If you're new to the dog community you might hear this style of dog collar thrown around a lot in conversation. Martingale collars have a rooted history that started with sighthounds, as the dogs (with smaller heads than necks) would be able to easily slip out of collars that fit to their neck.
Martingale collars now are simply known as a softer version of a choke collar, because it provides a tightening correction to the top of the neck without tightening around the entire neck - thus not being able to essentially "choke out" your dog. The only part of the collar that tightens is the top of the collar, that sits at the top of the neck.
A martingale collar serves two purposes.
The first is so that the dog doesn't back out of the collar. Even if you have to grab hold of the collar ring, the dog will not be able to slide it's way out. And although a common problem with sighthounds, this is also a common occurance with bully breeds. Because many bully breeds have thick necks that can be almost as wide as their heads, they can often find themselves able to back their way out of collars. The same can be said for Mastiffs or loose-skinned breeds that have more excess neck circumference.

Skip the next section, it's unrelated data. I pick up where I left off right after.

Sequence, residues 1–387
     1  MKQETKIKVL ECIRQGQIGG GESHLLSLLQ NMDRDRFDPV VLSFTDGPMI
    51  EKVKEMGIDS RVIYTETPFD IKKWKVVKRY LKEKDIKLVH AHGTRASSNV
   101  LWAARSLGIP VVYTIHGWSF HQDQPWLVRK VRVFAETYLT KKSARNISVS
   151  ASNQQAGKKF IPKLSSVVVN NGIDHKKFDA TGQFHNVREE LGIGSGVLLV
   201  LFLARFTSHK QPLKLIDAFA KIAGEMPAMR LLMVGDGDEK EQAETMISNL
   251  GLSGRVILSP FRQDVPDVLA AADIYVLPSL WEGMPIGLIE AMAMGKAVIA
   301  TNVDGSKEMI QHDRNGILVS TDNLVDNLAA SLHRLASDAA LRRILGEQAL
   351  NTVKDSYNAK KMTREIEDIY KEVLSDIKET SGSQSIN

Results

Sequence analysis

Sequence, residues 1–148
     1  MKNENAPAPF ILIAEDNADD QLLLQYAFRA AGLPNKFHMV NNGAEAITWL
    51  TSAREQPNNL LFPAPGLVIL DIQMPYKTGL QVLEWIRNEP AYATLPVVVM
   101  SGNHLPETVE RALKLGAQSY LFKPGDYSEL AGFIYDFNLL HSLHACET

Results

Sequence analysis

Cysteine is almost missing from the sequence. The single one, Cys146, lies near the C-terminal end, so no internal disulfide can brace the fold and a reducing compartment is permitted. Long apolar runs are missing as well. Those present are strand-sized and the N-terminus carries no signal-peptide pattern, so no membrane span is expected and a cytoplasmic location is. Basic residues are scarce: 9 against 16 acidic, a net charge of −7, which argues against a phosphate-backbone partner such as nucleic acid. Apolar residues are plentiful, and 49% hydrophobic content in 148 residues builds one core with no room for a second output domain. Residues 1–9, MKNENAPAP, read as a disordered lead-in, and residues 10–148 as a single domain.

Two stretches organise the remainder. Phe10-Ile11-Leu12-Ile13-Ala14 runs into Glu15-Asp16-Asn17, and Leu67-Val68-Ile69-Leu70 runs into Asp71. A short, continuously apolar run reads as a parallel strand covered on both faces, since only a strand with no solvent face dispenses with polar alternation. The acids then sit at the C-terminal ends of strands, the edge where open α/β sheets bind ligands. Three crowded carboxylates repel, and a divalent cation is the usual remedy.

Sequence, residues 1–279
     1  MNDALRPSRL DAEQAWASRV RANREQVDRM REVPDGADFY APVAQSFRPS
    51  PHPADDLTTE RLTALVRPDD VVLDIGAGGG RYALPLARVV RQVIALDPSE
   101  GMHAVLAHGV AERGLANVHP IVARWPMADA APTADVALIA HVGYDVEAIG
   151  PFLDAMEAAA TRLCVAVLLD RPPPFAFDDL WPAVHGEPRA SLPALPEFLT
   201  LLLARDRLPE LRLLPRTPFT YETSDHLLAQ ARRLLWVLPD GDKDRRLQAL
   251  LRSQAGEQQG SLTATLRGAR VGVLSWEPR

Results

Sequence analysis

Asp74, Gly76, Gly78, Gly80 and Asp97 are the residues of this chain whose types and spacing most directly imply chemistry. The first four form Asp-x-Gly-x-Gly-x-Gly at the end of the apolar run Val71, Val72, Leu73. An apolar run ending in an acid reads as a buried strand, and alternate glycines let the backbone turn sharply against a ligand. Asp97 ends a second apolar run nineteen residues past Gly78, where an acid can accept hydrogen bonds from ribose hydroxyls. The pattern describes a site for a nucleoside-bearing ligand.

The second is to provide what we like to call "soft correction" for training purposes. With any corrective collar (Prong, Choke or Martingale) the premise of a correction is to provide a swift, quick and sharp tug to relay a message through the leash before going back to loose leash walking. So when your dog is not listening to a command or pulling ahead on the leash, providing a quick and sharp "leash snap" to your corrective collar sends a wake-up diversion to get the dog's attention back on you. Your dog should never, as with any corrective collar, be constantly pulling on the collar. This can damage the Trachea even with a flat collar, so if you are struggling with the heel command or reactivity our advise is always to access professional support from a trainer. There is no quick-fix to training and it's worth building that bond with your dog. Martingales are a great tool for those beginning leash training with light to moderate pullers, or those transitioning from a prong or choke collar after seeing improvement in their dog's obedience.